IKEA wants to be climate positive, reducing more greenhouse gas emissions than what the entire business emits. That means IKEA’s delivery fleet will need to go electric, and in Australia, we’re starting to see this take shape.
IKEA currently has 10 electric delivery vans and trucks in operation in Australia through partnerships with delivery companies, including with ANC which just unveiled Australia’s first eTukTuk. These electric delivery vehicles are all operated within the Brisbane, Sydney and Melbourne metropolitan areas, picking up furniture and delivery items from distribution centres.
“We’re really driving towards that 100 per cent [electric delivery vehicles] goal,” Alexandra Kelly, the zero-emissions delivery project manager at IKEA Australia, told Gizmodo Australia.
“When you consider new vehicle types like the eTukTuk, it makes it even harder to put a number on what we’re going to need because we’re obviously exploring what options are [currently] in the market, and what we use today is probably not going to be what we use tomorrow and into the future.”
For IKEA, the eTukTuk obviously can’t carry a couch, but it’ll be more suited for metropolitan and smaller parcel deliveries.
It’s all about scaling what’s currently available to your business operation, and as the technology is constantly improving, the scale it can be used at keeps getting more ambitious.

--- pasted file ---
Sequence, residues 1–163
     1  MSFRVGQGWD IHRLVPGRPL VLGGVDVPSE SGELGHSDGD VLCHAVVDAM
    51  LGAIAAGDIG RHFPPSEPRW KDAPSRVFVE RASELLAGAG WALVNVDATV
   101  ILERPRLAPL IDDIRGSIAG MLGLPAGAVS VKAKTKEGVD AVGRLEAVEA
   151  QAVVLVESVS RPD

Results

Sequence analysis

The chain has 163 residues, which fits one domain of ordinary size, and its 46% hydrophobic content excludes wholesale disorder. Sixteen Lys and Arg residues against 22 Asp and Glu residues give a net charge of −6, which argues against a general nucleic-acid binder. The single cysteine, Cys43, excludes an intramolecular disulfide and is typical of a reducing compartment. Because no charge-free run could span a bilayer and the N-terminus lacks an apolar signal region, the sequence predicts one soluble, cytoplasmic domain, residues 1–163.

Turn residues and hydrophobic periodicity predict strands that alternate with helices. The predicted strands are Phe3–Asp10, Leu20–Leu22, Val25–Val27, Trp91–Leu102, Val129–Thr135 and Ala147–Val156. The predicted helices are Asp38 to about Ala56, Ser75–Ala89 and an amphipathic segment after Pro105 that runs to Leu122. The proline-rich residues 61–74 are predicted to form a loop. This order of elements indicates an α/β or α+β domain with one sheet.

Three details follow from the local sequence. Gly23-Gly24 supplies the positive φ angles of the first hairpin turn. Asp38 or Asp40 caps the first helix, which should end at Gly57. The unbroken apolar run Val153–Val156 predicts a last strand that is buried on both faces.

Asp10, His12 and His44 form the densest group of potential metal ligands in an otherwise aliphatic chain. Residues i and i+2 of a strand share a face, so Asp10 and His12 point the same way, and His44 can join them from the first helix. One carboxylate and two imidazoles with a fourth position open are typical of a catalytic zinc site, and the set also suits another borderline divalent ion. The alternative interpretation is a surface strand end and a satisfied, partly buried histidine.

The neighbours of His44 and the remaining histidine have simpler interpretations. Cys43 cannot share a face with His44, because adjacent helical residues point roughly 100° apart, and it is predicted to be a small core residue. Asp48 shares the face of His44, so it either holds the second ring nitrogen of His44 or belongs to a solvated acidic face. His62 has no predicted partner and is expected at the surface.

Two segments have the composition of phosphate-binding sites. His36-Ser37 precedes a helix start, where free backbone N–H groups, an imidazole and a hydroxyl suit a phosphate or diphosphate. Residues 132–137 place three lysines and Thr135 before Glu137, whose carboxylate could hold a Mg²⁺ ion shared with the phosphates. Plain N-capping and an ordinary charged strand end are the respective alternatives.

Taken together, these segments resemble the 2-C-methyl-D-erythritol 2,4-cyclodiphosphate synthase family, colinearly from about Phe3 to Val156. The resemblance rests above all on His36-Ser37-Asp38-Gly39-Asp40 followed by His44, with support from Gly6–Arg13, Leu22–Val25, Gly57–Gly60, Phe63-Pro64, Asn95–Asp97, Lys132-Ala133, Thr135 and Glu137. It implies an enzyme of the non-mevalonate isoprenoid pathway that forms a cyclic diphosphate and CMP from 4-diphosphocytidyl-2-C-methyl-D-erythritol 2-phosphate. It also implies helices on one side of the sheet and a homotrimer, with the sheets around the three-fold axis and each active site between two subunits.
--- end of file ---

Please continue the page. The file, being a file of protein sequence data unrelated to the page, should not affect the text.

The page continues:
Today, even though IKEA Australia is confident that EVs are the future of its transport fleet, the technology isn’t final and the company is open to more advancements, like with hydrogen.
But of course, IKEA can’t go through this transition alone and wants to see change at a policy level. On Monday, The Electric Vehicle Council was joined by more than 100 companies in calling on the government to introduce strong electric vehicle policies, including fuel efficiency standards and policies to bring one million EVs to Australian roads by 2027. IKEA was one of the companies involved.
“When we’re talking about policy, we look at three things. One is an incentive, so something to support either the driver or the fleet buying the vehicle because of the additional capex costs,” added Kelly.
“The second is charging infrastructure. So a lot of infrastructure investment at the moment is going towards passenger vehicles. We’d love to start seeing some of that money go to the freight and logistics centres, whether that’s at distribution centers, depots or you know, even for drivers to have charging infrastructure at home.”
“And then we hear from some of our truck partners that some of the Australian design rules are a bit restrictive, so access to models in the Australian market is limited.”
By 2025, IKEA anticipates it will need several hundred more electric delivery vehicles to meet its climate-positive goals.
“We feel that’s achievable,” Brendan Groll, IKEA Australia’s customer fulfilment strategic sourcing manager, told Gizmodo Australia.
“[Original equipment manufacturers] and vehicles are becoming available, finance solutions are becoming available, but it is going to need greater effort from the industry in general and greater support from Government partners.”
We’re starting to see more enthusiasm for electric vehicles in Australia and it’s very exciting.
I just hope IKEA put Swedish names on the sides of their electric vans and trucks, like how Coles name theirs.
The Cheapest NBN 50 Plans
It’s the most popular NBN speed in Australia for a reason. Here are the cheapest plans available.